A handful of people expressed interest in having a LaTeX workshop next
Tuesday, so I guess that's going to be a thing. If you'd like to
participate but don't have LaTeX installed yet, do that:

   - Windows
      - Install MikTeX <https://miktex.org/howto/install-miktex>
      - Install a PDF reader (you probably already have one installed)​
      - Install Texmaker <http://www.xm1math.net/texmaker/> or some other
      LaTeX editor <https://en.wikipedia.org/wiki/Comparison_of_TeX_editors>
      (*optional but recommended*, you should already have TeXworks
      <https://www.tug.org/texworks/> through MikTeX)
   - Mac and Linux
      - Install TeX Live
      <https://www.tug.org/texlive/acquire-netinstall.html> (impatient
      version <https://www.tug.org/texlive/quickinstall.html>)
      - Install a PDF reader (you probably already have one installed)
      - Install Texmaker <http://www.xm1math.net/texmaker/> (probably
      available through your favorite package manager) or some other LaTeX
      editor <https://en.wikipedia.org/wiki/Comparison_of_TeX_editors>
      but recommended*, you should already have TeXworks
      <https://www.tug.org/texworks/> through TeX Live)

Don't worry if you have problems installing stuff. That will be the first
thing we go over. If you want to be way ahead of the game, play around with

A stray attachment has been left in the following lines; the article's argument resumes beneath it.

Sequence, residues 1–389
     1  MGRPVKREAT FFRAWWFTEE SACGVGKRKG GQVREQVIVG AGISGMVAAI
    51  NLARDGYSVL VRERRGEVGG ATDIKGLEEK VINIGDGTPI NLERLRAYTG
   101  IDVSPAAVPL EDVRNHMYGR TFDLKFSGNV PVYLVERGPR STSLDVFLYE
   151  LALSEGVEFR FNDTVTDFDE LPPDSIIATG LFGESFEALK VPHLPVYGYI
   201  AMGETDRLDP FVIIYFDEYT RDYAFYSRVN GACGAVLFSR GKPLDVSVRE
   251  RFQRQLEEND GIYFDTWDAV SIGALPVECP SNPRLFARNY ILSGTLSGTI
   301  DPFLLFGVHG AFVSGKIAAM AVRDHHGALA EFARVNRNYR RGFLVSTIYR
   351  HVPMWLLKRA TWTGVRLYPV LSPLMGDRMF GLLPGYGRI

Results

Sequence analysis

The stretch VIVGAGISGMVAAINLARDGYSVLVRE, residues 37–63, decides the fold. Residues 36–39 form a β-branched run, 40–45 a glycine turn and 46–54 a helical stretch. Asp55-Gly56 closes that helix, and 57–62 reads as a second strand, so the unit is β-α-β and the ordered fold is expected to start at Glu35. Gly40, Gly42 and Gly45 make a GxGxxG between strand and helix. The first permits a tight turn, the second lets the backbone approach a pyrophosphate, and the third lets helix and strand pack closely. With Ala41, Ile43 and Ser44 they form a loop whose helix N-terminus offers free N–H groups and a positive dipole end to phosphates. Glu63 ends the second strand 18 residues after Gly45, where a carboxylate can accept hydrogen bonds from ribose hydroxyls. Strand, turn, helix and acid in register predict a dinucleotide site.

these resources: 1
<ftp://www.ctan.org/tex-archive/macros/latex/base/small2e.tex> 2
<http://detexify.kirelabs.org/classify.html> 3
<https://www.tug.org/begin.html> 4 <https://en.wikibooks.org/wiki/LaTeX> 5

If you're unsure why you'd want to learn LaTeX:

It's a typesetting language that's used *a lot* in academia. If you've used
HTML, it's kind of like that in that you write code describing what you
want to see. This is very different to what most of us are used to with
word processors. In a word processor, you define the *extent* of the
document. In LaTeX you define the *intent*. It's also older than most of
us, so most other languages have some way of interfacing with it or
mimicking its syntax. You've probably already used some common LaTeX
control sequences in an equation editor without realizing it. It's also
pretty good for scalable and automated documents. Plus, it plays nice with
Git, since the source document is just text. My favorite part is that it
also imbues you with a smug sense of superiority whenever you see someone
using a word processor to write complicated math, cite references, or
control formatting over multiple large documents.


Also, I'm gonna do some ​composite-y
<https://github.com/psas/lv3.0-airframe/issues/11> things
<https://github.com/psas/lv3.0-airframe/issues/12> Friday (and possibly
other days?), if anyone wants to join. I'll be in the LID project space
and/or EB 480 (one at a time, hopefully).

-- Joe Shields <https://joedang.github.io/>
psas-team mailing list

This list's membership is automatically generated from the memberships of the 
psas-airframe, psas-avionics, and psas-general mail lists. Visit 
http://lists.psas.pdx.edu to individually subscribe/unsubscribe yourself from 
these lists.

Reply via email to